Deutsche Borse in challenge to London

Deutsche Borse, the Frankfurt stock exchange, is to drop its German name and rebrand itself Euroboard in a direct challenge to London's traditional pre-eminence as Europe's biggest and most international stock market.

The plans, approved by the Börse's supervisory board yesterday, will be backed by initiatives to attract trade in Europe's top 500 blue-chip stocks to Frankfurt and come ahead of a full public listing. The Börse said it would list on its own growth companies market, the Neuer Markt, with a price tag of around 2bn euros before June.

Werner Seifert, the chief executive, said the offering - the first by a main stock exchange - would give the Börse a benchmark value and a currency to use in the wave of mergers expected to sweep Europe. Although he ruled out joiningthe Euronext Alliance, Mr Seifert gave a nod towards London:"Whether we will be competitors or partners it is not for me to say. But we hold the London Stock Exchange in high regard."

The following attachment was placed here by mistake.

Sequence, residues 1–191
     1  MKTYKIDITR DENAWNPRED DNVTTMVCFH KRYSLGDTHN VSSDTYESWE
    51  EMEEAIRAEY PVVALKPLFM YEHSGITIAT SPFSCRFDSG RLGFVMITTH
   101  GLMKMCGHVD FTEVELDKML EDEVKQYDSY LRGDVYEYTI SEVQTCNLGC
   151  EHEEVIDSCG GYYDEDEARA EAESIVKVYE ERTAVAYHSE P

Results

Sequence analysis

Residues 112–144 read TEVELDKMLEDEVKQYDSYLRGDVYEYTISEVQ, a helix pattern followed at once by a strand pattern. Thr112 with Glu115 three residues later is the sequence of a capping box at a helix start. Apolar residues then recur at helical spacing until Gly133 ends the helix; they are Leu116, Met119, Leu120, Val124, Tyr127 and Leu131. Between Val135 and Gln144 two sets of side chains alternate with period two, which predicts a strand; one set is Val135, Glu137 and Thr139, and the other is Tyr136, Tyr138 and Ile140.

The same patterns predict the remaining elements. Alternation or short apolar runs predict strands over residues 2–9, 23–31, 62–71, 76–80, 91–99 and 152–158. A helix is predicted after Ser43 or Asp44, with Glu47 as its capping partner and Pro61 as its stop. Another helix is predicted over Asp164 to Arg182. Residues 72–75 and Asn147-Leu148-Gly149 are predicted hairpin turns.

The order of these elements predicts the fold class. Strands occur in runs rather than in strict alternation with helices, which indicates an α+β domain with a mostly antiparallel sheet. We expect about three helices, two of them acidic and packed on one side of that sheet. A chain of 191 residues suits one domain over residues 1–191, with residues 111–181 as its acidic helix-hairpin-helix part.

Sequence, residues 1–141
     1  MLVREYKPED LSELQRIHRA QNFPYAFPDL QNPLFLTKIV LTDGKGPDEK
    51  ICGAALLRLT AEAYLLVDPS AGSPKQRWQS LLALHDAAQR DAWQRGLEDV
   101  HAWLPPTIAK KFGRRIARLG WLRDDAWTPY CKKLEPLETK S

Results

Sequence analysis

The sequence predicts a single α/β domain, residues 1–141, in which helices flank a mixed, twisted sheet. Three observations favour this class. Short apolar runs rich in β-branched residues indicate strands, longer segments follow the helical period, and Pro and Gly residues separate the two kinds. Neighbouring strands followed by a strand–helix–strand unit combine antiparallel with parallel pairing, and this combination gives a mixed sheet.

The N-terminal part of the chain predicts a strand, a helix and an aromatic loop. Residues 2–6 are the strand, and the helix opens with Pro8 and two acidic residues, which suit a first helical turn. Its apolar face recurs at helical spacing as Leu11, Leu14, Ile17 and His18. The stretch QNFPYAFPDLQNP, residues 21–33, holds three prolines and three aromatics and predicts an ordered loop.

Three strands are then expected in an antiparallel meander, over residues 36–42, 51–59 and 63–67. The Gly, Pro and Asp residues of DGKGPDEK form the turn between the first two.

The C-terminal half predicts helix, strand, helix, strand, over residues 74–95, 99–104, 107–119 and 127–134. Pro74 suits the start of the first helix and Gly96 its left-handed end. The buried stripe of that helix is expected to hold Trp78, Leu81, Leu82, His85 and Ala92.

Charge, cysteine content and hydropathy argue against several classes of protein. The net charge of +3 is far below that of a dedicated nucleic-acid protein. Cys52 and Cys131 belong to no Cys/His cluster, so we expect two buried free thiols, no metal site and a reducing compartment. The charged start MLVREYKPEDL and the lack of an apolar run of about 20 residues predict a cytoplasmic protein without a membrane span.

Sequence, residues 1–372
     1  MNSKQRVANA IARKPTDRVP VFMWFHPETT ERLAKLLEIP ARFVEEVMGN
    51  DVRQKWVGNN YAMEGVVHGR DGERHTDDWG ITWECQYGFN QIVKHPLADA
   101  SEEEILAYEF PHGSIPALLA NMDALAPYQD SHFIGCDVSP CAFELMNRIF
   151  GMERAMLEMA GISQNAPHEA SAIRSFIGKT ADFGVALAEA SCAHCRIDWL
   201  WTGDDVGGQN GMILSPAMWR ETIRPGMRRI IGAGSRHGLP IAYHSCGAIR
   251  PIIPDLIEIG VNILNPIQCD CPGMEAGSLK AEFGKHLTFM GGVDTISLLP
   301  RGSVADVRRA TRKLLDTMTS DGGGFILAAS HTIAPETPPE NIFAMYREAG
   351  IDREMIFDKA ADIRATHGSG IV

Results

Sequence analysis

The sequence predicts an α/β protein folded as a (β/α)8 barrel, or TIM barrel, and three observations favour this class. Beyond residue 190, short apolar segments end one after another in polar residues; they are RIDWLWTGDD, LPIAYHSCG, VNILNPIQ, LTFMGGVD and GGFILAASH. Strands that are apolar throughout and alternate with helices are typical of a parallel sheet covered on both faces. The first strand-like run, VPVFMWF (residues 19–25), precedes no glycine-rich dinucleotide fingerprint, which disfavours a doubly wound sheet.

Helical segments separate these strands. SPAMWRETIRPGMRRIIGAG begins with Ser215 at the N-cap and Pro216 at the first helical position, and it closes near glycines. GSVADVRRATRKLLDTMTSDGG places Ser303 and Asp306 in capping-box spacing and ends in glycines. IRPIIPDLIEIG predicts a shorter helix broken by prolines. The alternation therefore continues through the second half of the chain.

The London Stock Exchange is also shedding its mutual status and also maintains that this will help it play a leading role in any consolidation.

Mr Seifert said that last week's Euronext deal was just the start. He sees further mergers before November, when common European rules for trading blue chips should sharpen competition between exchanges.

"Consolidation could happen more quickly. I wouldn't be surprised if additional steps will be taken. Everyone had their own national agenda. The large international intermediaries said that it was going too slowly. Now I am optimistic that the international barriers will disappear soon."

With Europe's two largest exchanges heading in similar directions, speculation over a tie-up between London and Frankfurt is likely to intensify. However, Mr Seifert was keen to say that Frankfurt was setting the pace. The LSE has stopped short of a public offering. It has settled for a daily off-market dealing system run by Cazenove, the broker, and the LSE is also capping individual shareholdings at 4.9 per cent.

The Germans are removing all limits on shareholdings and hope the offering will release the exchange from its traditional dominance by the big German houses. Ultimately it is expected that Frankfurt will be owned by the big international trading houses.

Underlying Frankfurt's financial strength the exchange revealed a 75.9 per cent jump in profits to 74.5m euros last year. Eurex, Deutsche Börse's futures arm, has already overtaken Liffe to be the world's largest derivatives market. It also has London well in its sights in stock market terms as well.

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